“You sound disoriented,” a friend said.
And three months into my transition from going to the office, to working from a home office, it was the perfect word.
After all, time is a funny thing. And there is a strange sensation that comes with choosing how to spend your time, especially after 12.5 years working in school public relations. It is a wonderfully fulfilling and creative profession that delivers challenges by the moment. Something new, every day, feels like triage at times. And for me, most days felt largely defined by the shifting demands that popped up.
The last three months, waking up to no e-mail messages (or work-related texts, or social media notifications) has been an adjustment. Each morning, I get to choose where to start. And, each morning, I have to choose where to start.
That can be overwhelming.
“I was so used to fitting a lot into the cracks of my day,” I told my friend. “And somehow, even though I have more time, suddenly I feel like I don’t have enough for all of it. I have more time and less time, at the same time. It makes no sense.”
My challenge in working remotely is to find fulfillment in my work day. A sense of accomplishment, forward motion, and value to my employer. This requires orienting to the time in a day, in a totally different way. Here are three things I’ve found that help:
- Time blocking. Without the daily meetings and office drop-in visits, I can largely control my day. Blocking time for short- and long-range deadlines helps me know exactly how to spend each hour of my day to ensure I’m making progress. This scheduling process also ensures I’m focused on high-priority tasks, and not the little, low-priority work that can inadvertently gobble up the minutes and hours. I also identify the non-negotiable time blocks (time sensitive deadline, for example) and the flexible time blocks (I can eat lunch or take a short walk any time). This helps me quickly see exactly where I can give and take in a day.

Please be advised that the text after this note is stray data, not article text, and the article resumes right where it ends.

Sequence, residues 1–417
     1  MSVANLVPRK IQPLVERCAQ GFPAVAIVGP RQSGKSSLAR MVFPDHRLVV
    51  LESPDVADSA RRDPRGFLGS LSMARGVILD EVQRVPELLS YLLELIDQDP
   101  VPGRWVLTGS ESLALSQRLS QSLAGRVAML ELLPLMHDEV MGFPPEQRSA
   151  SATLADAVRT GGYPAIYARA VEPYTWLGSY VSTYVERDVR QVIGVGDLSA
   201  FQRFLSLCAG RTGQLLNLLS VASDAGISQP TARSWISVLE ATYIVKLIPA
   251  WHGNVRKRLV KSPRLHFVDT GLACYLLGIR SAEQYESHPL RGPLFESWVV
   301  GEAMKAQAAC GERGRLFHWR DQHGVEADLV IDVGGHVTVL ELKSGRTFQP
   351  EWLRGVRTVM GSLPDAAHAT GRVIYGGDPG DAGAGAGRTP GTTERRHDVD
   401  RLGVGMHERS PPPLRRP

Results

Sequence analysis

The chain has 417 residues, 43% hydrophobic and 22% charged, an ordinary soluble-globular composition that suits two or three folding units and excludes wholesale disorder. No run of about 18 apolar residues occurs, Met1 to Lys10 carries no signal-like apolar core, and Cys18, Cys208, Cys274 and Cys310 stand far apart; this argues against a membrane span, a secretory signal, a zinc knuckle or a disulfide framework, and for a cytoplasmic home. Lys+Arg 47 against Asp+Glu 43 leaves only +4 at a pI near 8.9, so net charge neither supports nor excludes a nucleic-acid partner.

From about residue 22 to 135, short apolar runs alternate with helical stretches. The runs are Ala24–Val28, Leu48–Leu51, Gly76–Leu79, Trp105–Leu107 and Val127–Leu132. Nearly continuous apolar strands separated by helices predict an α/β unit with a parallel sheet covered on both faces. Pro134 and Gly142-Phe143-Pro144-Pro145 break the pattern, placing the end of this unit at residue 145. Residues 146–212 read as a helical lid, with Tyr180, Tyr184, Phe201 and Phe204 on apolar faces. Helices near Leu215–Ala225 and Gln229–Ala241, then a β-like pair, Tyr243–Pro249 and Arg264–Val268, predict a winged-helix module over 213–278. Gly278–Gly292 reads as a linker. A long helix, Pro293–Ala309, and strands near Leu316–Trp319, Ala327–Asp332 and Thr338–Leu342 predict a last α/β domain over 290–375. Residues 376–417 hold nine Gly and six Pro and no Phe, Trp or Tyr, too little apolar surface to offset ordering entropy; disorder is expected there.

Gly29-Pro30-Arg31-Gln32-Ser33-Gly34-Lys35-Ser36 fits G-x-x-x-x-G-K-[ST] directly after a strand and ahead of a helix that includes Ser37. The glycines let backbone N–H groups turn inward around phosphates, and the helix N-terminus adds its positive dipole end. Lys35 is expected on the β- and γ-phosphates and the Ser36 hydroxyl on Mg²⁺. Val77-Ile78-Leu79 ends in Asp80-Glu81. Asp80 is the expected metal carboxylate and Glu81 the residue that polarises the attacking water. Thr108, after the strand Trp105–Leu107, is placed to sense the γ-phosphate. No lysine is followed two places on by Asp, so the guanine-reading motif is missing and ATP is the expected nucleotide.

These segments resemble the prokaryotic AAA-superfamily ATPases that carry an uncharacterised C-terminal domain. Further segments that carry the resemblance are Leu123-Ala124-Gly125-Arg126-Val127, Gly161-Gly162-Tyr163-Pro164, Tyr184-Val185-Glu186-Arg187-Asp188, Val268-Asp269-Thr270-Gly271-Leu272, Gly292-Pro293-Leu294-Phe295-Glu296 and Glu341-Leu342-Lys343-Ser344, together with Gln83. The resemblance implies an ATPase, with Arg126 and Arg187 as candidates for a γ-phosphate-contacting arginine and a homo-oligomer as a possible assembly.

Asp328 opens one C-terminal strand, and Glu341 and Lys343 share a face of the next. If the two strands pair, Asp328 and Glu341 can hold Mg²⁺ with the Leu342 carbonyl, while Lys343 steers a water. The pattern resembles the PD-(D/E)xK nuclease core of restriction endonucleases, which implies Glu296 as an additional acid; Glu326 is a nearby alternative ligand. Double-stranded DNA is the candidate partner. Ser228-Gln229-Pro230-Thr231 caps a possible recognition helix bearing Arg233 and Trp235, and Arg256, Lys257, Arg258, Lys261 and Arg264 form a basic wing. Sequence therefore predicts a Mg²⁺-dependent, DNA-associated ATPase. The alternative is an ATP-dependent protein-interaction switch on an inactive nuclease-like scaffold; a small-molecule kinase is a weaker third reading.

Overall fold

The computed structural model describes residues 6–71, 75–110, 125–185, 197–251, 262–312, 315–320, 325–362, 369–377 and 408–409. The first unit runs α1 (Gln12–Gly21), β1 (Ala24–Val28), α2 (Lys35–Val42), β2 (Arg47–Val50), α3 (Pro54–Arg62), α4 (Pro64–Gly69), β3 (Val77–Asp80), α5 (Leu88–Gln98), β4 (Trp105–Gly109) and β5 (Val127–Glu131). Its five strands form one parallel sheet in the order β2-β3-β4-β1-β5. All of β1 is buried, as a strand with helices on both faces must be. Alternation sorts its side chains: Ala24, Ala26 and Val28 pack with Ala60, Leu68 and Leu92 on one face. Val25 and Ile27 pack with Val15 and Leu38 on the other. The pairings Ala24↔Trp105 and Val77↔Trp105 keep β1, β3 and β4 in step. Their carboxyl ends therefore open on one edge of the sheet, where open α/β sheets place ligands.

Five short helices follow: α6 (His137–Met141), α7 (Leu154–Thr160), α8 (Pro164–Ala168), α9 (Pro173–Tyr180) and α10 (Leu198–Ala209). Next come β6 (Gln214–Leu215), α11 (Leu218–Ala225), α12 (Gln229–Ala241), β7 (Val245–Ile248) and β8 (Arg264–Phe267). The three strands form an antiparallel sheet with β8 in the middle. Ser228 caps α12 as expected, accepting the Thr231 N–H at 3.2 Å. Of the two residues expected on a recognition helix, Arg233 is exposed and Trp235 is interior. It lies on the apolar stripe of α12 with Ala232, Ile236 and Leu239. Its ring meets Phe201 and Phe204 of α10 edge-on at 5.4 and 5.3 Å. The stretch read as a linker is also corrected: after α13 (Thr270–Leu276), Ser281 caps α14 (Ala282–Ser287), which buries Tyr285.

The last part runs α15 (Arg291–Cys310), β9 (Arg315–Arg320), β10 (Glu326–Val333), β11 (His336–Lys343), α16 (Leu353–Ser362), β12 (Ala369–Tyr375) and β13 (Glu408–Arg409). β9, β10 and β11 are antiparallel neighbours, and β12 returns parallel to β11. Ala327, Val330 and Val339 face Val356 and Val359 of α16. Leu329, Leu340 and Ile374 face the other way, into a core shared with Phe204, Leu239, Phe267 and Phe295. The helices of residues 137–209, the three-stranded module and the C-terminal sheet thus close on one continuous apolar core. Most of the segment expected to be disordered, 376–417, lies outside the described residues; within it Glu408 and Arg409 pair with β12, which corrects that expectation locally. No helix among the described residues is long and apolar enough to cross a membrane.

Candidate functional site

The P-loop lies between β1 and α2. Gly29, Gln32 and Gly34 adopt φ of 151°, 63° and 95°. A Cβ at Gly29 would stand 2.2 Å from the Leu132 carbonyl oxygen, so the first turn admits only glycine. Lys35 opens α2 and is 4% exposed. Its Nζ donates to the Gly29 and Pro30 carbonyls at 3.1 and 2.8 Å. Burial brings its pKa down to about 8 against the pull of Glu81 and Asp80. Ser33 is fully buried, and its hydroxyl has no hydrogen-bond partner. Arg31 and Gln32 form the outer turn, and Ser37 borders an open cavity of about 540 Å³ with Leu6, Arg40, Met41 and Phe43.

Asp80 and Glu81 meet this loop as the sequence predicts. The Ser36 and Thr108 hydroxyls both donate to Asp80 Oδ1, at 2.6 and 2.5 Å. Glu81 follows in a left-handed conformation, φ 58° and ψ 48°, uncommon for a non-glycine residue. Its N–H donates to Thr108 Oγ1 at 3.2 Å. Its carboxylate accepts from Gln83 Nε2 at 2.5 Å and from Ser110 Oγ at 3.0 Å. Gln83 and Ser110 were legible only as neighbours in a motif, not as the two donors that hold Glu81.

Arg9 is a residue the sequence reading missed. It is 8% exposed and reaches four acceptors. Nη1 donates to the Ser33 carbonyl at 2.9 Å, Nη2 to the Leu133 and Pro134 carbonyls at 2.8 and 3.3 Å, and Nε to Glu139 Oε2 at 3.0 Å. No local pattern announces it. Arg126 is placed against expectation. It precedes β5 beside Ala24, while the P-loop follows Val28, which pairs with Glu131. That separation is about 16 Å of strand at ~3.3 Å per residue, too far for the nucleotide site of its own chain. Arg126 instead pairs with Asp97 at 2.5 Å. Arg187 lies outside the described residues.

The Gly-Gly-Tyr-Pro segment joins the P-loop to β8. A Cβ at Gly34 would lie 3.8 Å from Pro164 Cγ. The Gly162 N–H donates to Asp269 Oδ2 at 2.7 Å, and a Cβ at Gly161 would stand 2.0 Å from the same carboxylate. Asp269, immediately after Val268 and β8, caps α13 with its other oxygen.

- Personal development. Try as I might, I can’t always drum up work assignments or deadlines. But no matter what a day may (or may not) bring, I can always focus on growing as a person and professional. It is well worth it to set aside an hour to read a professionally useful book or connect with a colleague to discuss big ideas unrelated to a specific project. Setting aside time for personal development was often a goal in my school PR days, but it was rarely reality. I am grateful for the chance now to make up for lost time, and have even kicked off a long-distance book study with a few colleagues in my new job.
- Grace and flexibility. Whether you work in an office, or from home, some days are better than others. Remembering that is key, especially in a day in the home office that feels like nothing more than a series of fits and starts. I have found the best months are planned one week at a time, with the room to adjust as needed each day. And challenges certainly still come up without warning, even outside of school PR. Grace and flexibility are the tools I learned long ago to help me adapt, think on my feet, and clear my schedule to meet those moments head-on.
As the weeks and months pass, I know the ebb and flow of my work days will become more familiar. In the meantime, I’m enjoying the process of adjusting to the curious marriage of both discipline and flexibility that are required of working from home.
But really, this process boils down to investing in my own growth. And that’s a win-win, in any job.